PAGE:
Monday, July 27, 2009

Economic Downturn Forces Groups to Get Creative

The NY Times reported arts groups, hit hard by the economic downturn, are seeking strength in numbers by forming alliances, pooling resources, networking and accommodating one another’s diminished circumstances.

The efforts, which sometimes bring together dissimilar groups, don’t always go smoothly. But by and large, the atmosphere is one of growing cooperation that works to artists’ benefit — and the public’s.

“There’s more of a willingness to work together because there’s a unique cause right now, and the cause is the fact there are economic issues,” said Stephen Sansone, president of the Untermyer Performing Arts Council in Yonkers and executive director of the Yonkers Downtown/Waterfront Business Improvement District.

Since May 1, four museums in Westchester County (the Hudson River Museum in Yonkers, the Hudson Valley Center for Contemporary Art in Peekskill, the Katonah Museum of Art and Purchase College’s Neuberger Museum of Art) and two in Fairfield County, Connecticut (the Bruce Museum in Greenwich and the Aldrich Contemporary Art Museum in Ridgefield) have allowed any of their members to be admitted to all six. The same goes for visitors who buy a same-day pass.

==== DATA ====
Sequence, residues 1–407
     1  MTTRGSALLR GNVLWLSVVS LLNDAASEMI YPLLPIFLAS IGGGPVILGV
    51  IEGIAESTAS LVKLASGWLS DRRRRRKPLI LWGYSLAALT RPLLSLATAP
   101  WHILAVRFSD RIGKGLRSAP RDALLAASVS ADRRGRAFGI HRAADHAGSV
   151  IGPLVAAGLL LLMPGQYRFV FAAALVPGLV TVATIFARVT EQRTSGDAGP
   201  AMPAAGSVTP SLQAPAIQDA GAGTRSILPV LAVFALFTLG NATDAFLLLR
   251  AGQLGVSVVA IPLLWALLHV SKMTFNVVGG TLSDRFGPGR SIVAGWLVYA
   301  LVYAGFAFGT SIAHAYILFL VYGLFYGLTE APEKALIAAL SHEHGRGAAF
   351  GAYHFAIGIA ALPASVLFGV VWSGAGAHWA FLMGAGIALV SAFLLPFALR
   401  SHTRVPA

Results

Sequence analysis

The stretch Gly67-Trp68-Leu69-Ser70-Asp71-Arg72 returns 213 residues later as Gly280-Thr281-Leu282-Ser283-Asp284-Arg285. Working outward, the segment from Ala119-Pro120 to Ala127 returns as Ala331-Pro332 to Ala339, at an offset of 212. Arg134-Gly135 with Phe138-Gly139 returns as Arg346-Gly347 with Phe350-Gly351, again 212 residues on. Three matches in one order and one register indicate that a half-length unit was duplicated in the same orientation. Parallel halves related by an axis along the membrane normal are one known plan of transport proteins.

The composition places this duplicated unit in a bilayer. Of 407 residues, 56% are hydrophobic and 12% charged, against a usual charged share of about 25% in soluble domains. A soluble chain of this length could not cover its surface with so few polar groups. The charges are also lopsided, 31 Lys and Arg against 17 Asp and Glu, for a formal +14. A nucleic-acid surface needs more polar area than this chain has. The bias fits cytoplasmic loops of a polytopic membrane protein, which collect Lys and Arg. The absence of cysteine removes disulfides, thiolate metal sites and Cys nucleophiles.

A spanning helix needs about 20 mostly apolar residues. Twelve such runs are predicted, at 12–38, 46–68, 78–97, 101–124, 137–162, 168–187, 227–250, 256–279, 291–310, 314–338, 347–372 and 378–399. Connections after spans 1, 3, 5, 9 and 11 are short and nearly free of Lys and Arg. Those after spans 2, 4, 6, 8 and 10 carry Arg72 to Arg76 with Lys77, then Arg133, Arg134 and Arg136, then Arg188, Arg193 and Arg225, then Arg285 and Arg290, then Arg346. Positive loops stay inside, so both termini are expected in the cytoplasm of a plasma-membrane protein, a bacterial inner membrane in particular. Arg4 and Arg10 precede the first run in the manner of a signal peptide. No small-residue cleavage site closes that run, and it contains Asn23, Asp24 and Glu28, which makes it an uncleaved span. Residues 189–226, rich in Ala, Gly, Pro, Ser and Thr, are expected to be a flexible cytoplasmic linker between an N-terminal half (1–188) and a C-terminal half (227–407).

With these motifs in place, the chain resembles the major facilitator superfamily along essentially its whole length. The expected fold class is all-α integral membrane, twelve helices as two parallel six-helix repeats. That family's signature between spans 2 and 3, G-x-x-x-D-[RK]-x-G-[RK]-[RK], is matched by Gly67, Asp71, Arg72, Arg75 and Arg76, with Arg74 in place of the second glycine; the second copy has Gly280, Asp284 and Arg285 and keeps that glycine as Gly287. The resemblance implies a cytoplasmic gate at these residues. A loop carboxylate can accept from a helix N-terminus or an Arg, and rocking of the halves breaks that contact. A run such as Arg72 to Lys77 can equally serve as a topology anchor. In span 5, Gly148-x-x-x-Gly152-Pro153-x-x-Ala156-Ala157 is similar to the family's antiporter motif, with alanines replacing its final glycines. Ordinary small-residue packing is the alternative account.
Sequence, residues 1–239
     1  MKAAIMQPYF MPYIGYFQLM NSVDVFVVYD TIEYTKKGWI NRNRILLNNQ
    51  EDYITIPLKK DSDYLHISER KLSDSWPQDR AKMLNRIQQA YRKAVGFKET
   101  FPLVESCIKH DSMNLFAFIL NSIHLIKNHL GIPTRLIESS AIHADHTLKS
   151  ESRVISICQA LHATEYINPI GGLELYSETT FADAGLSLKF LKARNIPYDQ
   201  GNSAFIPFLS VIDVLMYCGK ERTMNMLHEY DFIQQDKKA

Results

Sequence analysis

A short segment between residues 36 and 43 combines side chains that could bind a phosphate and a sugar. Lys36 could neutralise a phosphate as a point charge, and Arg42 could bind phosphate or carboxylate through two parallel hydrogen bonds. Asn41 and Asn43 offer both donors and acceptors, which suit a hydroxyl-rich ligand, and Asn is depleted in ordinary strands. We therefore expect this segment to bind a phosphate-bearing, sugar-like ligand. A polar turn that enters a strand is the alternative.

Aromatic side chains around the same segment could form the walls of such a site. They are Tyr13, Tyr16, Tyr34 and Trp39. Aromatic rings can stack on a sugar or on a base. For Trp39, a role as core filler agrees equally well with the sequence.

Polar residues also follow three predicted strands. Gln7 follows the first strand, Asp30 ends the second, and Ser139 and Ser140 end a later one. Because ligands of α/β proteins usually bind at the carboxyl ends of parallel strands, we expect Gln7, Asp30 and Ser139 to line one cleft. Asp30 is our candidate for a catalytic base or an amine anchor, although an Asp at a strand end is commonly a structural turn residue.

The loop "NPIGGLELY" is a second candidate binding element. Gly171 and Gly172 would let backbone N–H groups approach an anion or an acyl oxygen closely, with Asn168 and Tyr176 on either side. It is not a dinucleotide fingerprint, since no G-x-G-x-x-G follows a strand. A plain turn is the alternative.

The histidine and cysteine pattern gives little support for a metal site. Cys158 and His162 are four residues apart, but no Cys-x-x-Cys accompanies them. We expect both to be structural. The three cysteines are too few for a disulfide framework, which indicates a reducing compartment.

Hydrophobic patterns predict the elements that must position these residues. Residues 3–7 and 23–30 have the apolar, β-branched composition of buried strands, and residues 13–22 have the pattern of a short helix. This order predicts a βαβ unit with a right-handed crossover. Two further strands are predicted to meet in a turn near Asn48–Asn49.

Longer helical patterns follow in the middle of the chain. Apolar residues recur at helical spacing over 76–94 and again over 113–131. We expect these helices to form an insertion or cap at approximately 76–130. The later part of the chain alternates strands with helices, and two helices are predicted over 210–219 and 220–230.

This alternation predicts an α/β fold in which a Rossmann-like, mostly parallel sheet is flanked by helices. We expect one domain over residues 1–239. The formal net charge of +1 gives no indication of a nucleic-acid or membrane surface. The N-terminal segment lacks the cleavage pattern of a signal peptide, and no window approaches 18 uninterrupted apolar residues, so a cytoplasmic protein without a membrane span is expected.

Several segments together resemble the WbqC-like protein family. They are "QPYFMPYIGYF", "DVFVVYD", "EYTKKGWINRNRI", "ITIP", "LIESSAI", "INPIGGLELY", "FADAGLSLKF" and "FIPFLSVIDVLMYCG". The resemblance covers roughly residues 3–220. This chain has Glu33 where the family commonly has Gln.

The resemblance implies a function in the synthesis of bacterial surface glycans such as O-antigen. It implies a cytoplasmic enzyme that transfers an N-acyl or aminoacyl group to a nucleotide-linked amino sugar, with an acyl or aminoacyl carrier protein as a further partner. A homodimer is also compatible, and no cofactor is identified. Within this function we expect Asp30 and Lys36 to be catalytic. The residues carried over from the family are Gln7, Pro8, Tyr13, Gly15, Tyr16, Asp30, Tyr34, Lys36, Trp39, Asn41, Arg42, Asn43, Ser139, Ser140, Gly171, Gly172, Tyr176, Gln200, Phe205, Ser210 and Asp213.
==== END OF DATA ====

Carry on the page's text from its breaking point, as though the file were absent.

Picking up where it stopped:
The plan — advertised as an alliance — has been slow to catch on, with only a handful of museum visitors taking advantage of it in a typical week. Still, arts groups say it is the first pact of its kind in memory among museums in Connecticut and New York, and its very existence is evidence of greater cooperation.

“It’s symbolic of our efforts to be creative in a very tough time,” said Peter C. Sutton, executive director of the Bruce, who, noting that his museum’s endowment was down 20 percent over the past year and its corporate support depleted, hosted the meeting in March at which the plan was formulated.

“Almost all nonprofits have suffered some loss in their endowments and had to institute economizing efforts, as we have,” he said, “and this is a good way for people to make the most of their local museums.”

Another kind of joint effort — one enjoying greater participation this year, its sixth — is Art Along the Hudson, a cooperative media campaign to promote the visual and performing arts in seven cities lining the river. Read more here about this and other efforts.

Monday, July 20, 2009